There’s no basil like home’s: Pesto recipe

LOCAVORE’S DELIGHT: The Series # 7.

Follow us all summer long as we explore the bounty of our region’s farms.

by MOLLY MCGINN

If you really want the best, freshest basil, grow your own. It’s one of the easiest herbs to grow from seed and you can plant it almost anytime in the summer.

Many basil lovers already have bunches growing in their home gardens. But if you’re a locavore newcomer, or simply new to the garden game, you can always learn a thing or two from the Edible Schoolyard. And, we have a few quick garden tips to help you get going.

Lucky 32 Southern Kitchen’s Pesto Sauce

  • 3 ½ oz fresh basil leaves
  • ¾ cup extra virgin olive oil
  • 2 ½ tsp minced garlic
  • 1/3 cup grated Reggiano Parmesan cheese
  • ½ tsp fresh lemon juice

Pick basil leaves from stems and place in a blender. Add oil and garlic; blend well. While continuing to blend, add cheese and lemon juice. Blend until no lumps are present.  Makes – 1 1/3 cups.

Simple materials to grow your own basil from seed

Lucky 32’s new gardner tips

Materials

  • Basil seeds (we picked up this pack from 5th Season Garden Co. on Battleground Ave.)
  • One bottom plate of a terra cotta pot, small or large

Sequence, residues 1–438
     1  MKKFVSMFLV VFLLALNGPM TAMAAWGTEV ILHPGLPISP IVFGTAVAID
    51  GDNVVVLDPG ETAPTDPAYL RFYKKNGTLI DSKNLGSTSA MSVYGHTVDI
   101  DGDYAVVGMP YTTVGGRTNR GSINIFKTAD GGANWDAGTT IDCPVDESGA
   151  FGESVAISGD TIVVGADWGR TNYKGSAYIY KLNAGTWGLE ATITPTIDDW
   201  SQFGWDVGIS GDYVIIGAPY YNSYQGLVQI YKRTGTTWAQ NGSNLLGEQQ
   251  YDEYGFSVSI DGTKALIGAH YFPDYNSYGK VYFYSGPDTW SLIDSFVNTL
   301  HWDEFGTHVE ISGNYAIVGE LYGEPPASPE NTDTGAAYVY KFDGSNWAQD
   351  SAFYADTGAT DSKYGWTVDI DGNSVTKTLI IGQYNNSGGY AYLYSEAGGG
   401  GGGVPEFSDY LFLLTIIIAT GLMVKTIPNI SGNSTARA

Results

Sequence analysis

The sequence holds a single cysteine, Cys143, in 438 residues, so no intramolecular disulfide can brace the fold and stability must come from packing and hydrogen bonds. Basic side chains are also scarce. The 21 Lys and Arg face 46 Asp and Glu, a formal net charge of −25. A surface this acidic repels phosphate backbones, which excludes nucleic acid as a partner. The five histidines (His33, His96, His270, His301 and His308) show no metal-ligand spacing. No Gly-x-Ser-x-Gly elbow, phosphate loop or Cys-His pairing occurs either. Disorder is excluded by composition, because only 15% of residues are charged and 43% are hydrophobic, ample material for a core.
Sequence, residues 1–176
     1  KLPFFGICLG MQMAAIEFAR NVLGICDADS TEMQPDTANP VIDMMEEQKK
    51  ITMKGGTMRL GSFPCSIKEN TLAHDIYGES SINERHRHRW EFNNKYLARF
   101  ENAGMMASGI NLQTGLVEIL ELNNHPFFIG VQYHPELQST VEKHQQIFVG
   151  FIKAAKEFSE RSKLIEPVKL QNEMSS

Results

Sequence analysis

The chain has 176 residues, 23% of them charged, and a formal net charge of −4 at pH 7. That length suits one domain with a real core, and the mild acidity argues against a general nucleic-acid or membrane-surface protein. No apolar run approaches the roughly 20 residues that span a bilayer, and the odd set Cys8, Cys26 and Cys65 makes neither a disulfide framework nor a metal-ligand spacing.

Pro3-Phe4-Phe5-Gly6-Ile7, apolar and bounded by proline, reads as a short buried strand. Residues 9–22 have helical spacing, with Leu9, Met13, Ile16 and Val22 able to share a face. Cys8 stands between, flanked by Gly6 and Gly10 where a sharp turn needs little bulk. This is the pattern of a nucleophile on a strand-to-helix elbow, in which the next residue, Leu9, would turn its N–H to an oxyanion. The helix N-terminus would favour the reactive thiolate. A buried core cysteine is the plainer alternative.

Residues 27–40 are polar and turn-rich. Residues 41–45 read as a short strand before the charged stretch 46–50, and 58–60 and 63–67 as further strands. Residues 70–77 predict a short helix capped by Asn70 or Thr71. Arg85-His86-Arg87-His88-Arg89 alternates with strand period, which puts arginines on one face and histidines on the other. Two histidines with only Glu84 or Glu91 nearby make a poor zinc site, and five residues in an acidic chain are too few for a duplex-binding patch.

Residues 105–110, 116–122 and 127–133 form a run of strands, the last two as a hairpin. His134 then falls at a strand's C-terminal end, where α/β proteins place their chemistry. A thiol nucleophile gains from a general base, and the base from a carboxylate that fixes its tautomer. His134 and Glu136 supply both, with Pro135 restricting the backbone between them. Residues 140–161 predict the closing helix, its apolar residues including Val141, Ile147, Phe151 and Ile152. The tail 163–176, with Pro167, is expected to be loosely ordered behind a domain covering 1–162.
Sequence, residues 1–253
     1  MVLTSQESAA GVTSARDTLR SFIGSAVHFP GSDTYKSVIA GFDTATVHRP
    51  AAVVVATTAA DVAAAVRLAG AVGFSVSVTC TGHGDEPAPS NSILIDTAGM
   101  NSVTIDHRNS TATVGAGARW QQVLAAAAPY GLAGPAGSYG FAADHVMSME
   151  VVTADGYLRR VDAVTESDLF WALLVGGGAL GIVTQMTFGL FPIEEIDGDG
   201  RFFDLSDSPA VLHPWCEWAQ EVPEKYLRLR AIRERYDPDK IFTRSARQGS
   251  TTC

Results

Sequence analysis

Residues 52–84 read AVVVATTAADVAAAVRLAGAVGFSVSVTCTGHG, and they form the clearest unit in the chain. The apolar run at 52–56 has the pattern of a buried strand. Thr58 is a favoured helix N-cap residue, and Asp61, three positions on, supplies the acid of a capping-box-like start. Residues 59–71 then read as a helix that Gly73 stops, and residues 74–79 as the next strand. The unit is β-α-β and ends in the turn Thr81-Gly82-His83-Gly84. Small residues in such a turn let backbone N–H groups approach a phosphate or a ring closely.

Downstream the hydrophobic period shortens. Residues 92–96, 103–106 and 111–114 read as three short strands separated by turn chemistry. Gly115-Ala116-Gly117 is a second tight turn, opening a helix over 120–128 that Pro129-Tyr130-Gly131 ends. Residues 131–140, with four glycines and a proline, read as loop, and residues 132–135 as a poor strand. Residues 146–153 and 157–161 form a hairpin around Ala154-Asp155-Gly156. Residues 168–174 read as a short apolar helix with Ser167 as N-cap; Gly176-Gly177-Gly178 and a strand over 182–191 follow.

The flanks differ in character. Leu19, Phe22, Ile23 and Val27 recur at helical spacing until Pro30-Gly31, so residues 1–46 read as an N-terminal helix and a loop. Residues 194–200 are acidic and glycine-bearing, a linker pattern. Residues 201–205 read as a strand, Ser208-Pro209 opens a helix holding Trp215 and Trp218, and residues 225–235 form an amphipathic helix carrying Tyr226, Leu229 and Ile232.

• Fresh soil
  • Water
  • Sunlight

Procedures

Remove the top of the terra cotta pot. You just want to use the bottom plate for this starter garden. Fill the terra cotta pot with soil. Sprinkle in the basil seeds and cover with a little dirt. Water gently. Set in the sun.

Tips: You don’t want to the sprouts to grow too close together, so I spread them apart, take some out and replant them around my house. Pinch the flowers off the leaf. You don’t want basil seeds, you only want the leaves to grow.

In 45 days, see the above recipe, and enjoy!

For more about our seasonal recipes, see our current menu at Lucky 32 Southern Kitchen and our Blog Recipe Index:https://lucky32southernkitchen.com/recipes/

Posted June 2012

4 thoughts on “There’s no basil like home’s: Pesto recipe

  1. Ok, Chef – no pine nuts? Really? I’ll try it if you say so.

    And just a suggestion for using that awesome fresh pesto – add a little cream (or use as-is) and whip up some homemade gnocchi. My daughter has loved this since she was 2 (I like a potato-based gnocchi).

    1. Hi Cathi, it’s Molly here: did you try it out without the pine nuts?

      Also, here is Chef’s response to your comment:

      “We don’t use pine nuts. For several reasons: nut allergies, they are expensive, and easy to burn when adding to pasta in the pan like we do. “

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